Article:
The Tatami Nova is a common choice for a first BJJ gi and for good reason. Designed by Tatami (a UK Brand started in 2009), the Nova is a classic gi that takes a plain vanilla approach. It features reinforced stitching in the arms and interior in all the standard places. The pant uses the normal double knee reinforcement. The jacket is comfortable, easy to move in and breathes great. Note that Nova is not currently preshrunk, so allow for some shrinkage.
Like many other lighter gis, the lapel is rubberized (as opposed to foam) meaning its resistant to bacteria and dries much quicker than a standard collar. The gi jacket features two branded patches across the shoulders and a small patch on the pants.
Weighing in at 425gsm, the Nova also works great as a travel gi.
The Kingz Basic 2.0 is a classic gi great for new grapplers. Kingz Kimonos is a well-respected brand known for its sponsorship of some of the best jiu-jitsu competitors such as Leonardo Leo. This model is reminiscent of the classic Nova gis with only a few less sizing and design options. It's definitely a “fancy” gi for your first purchase. The gi jacket has simple branded patches on the shoulders and the Kingz logo on the back.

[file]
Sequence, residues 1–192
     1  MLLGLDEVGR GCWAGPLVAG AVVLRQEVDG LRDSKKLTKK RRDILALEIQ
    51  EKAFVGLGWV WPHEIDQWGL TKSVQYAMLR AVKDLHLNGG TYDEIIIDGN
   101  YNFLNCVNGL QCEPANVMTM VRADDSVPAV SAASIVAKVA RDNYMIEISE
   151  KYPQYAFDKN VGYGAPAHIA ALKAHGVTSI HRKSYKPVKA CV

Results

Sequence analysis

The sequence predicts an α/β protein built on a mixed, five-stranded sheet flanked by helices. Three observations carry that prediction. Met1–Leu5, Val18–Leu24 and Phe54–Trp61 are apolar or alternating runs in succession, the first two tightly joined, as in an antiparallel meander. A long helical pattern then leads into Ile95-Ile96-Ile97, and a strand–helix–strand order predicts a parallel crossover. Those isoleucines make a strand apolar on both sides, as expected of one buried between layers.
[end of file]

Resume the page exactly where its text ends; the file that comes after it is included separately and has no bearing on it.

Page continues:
The Jacket is made of a single piece 100% cotton pearl weave meaning its comfortable and relatively light. The lapel is constructed with a heat-resistant vulcanized rubber allowing for durability and quick drying. The pants are a good drill cotton that is quite soft.
Kingz Kimonos offers 12 sizes: including L (long) and H (husky) sizes. This gi will shrink about five to ten percent if you use a dryer, so be careful with the sizing. The gi comes in three colors: white, black and blue. It also comes with a free white belt.